Designer babies are on the horizon after an influential group of scientists concluded that it could be ‘morally permissible’ to genetically engineer human embryos.

In a new report which opens the door to a change in the law, the Nuffield Council on Bioethics, said that DNA editing could become an option for parents wanting to ‘influence the genetic characteristics of their child.’

Although it would be largely used to cure devastating genetic illnesses, or predispositions to cancers and dementia, the experts said they were not ruling out cosmetic uses such as making tweaks to increase height or changing eye or hair colour, if it would make a child more successful.

In the past the council has given the green light to controversial procedures, such as three-parent babies in which the DNA of a ‘second mother’ is used to replace faulty code in a cell’s batteries.

Following a widespread consultation and vote in Parliament, the law was changed to allow the procedure and the first babies with the DNA of three people are expected to be born later this year, or early in 2019.


Genetic editing could be used to rewrite the DNA of babies before they are born

Currently scientists are only allowed to genetically edit human embryos for 14 days for research purposes, after which they must be destroyed, and it is illegal to implant them into a womb.

But the Nuffield Council said it could become legal if safeguards were met.

Professor Karen Yeung, chair of the working party on genome editing and human reproduction: “There is potential for heritable genome editing interventions to be used at some point in the future in assisted human reproduction, as a means for people to secure certain characteristics in their children.

“Initially, this might involve preventing the inheritance of a specific genetic disorder. However, if the technology develops it has potential to become an alternative strategy available to parents for achieving a wider range of goals.

“Whilst there is still uncertainty over the sorts of things genome editing might be able to achieve, or how widely its use might spread, we have concluded that the potential use of genome editing to influence the characteristics of future generations is not unacceptable in itself.”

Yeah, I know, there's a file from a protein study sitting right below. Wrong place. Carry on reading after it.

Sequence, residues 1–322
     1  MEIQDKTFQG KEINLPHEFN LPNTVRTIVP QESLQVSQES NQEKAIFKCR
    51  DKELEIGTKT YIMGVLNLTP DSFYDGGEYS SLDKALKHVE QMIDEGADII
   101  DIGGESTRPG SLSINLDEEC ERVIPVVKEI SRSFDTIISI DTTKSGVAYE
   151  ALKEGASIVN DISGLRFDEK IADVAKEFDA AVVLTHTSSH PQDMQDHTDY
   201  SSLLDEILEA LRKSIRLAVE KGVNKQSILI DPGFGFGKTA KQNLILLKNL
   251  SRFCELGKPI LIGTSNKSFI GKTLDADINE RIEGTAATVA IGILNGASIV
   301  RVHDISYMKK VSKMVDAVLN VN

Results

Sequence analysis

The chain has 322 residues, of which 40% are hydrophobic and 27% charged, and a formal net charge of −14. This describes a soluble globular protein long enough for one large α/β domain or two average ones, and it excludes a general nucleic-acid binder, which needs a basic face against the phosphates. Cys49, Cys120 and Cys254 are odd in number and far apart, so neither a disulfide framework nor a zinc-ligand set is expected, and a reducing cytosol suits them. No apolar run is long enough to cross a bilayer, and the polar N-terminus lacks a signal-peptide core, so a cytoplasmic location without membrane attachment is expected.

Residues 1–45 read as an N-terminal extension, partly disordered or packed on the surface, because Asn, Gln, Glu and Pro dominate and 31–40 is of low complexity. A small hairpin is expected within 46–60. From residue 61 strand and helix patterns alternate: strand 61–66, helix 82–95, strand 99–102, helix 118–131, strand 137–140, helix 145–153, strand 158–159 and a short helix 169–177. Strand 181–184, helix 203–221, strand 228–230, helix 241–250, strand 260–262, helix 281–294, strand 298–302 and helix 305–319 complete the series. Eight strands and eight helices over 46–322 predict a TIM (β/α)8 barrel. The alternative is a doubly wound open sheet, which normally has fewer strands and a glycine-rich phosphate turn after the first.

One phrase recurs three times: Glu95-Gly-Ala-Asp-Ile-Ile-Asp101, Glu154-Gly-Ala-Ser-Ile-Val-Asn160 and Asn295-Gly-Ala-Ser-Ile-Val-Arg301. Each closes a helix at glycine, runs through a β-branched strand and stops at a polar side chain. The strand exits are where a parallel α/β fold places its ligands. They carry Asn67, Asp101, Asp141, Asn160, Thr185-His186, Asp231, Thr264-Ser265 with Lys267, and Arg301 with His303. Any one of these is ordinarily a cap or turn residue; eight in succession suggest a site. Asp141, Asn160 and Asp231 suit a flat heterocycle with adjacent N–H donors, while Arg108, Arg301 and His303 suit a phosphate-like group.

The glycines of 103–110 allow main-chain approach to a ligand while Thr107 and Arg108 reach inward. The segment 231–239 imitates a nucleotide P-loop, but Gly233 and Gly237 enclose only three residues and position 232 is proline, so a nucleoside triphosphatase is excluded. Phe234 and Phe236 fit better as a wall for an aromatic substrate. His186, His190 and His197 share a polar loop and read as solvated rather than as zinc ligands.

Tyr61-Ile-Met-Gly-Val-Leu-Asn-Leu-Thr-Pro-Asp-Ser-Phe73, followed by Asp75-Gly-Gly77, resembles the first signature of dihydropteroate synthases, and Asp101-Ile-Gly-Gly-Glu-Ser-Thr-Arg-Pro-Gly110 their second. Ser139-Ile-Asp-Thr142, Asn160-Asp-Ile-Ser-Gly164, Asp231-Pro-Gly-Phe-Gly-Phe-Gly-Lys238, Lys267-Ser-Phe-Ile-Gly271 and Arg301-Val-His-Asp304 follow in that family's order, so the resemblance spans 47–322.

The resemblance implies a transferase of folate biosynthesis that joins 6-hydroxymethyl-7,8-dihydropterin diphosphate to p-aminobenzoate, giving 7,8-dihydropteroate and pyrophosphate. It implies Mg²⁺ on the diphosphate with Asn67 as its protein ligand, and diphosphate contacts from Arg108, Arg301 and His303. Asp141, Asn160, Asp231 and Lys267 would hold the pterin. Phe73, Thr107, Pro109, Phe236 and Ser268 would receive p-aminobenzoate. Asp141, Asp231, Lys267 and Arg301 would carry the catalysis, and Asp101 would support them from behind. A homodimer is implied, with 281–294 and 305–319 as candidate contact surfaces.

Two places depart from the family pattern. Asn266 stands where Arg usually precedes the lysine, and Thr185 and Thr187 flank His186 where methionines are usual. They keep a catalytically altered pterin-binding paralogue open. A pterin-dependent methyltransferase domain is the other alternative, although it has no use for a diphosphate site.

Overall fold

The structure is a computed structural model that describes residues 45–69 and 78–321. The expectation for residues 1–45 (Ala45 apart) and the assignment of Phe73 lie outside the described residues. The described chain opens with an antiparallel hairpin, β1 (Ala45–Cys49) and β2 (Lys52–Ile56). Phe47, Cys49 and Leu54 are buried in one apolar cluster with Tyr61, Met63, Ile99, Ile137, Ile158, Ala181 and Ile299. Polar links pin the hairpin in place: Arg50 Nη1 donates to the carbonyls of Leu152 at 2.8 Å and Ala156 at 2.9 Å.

Asked whether genetic editing could be used to make children tall, with blond hair and blue eyes, if that was found to increase their chance of success in life, Prof Yeung added: “We’re not ruling that out.”

The Nuffield Council said that all genetic editing of embryos should be strictly regulated by the Human Fertility and Embryology Authority (HFEA) and only licensed on a case-by-case basis, with individuals monitored for long-term side-effects.


They also called for further research into genetic editing techniques such as Crispr, which acts like molecular scissors to snip away bad DNA and replace it with healthy code. The first trials to cure adults of devastating diseases like HIV, cancer and sickle cell disease, are due to get going in Europe and the US this year.

But Dr David King, Director of Human Genetics Alert said it would lead to a two-tier system where people who could not afford genetic editing would be disadvantaged.

“This is an absolute disgrace,” he said. “We have had international bans on eugenic genetic engineering for 30 years.

“The people of Britain decided 15 years ago that they don’t want GM food. Do you suppose they want GM babies?”

“This is neoliberal bioethics that puts individual whims ahead of society needs for basic human equality and commonality.

“Although I don’t usually use the term ‘Frankenstein science’, there is another out-of-control monster here – the scientist-dominated bioethics approval machinery that never says a clear no to anything, that insists that if we can do it, we must.”

A separate study released last night by the Wellcome Sanger Institute also warned that Crispr is far more dangerous than previously thought.

New research, published in Nature Biotechnology, found the technique caused extensive mutations in the DNA away from the intended site. The scientists warned that it may lead to important genes being switched on or off, which may cause devastating conditions.

Prof Allan Bradley, corresponding author on the study from the Wellcome Sanger Institute, said: “We found that changes in the DNA have been seriously underestimated before now.

“It is important that anyone thinking of using this technology for gene therapy proceeds with caution, and looks very carefully to check for possible harmful effects.”

Commenting on the findings Dr Francesca Forzano, Consultant in Clinical Genetics and Genomics, Guy’s & St Thomas’ NHS Foundation Trust, said: “This important work demonstrate that this technique is much less safe than previously thought.

“This work represents a milestone in the gene editing field and signpost that more caution shall be exerted in the application of this technique.”

However Prof Robin Lovell-Badge FMedSci FRS, Group Leader, The Francis Crick Institute, said: “The results give no reason to panic or to lose faith in the methods when they are carried out by those who know what they are doing.”

Via The Telegraph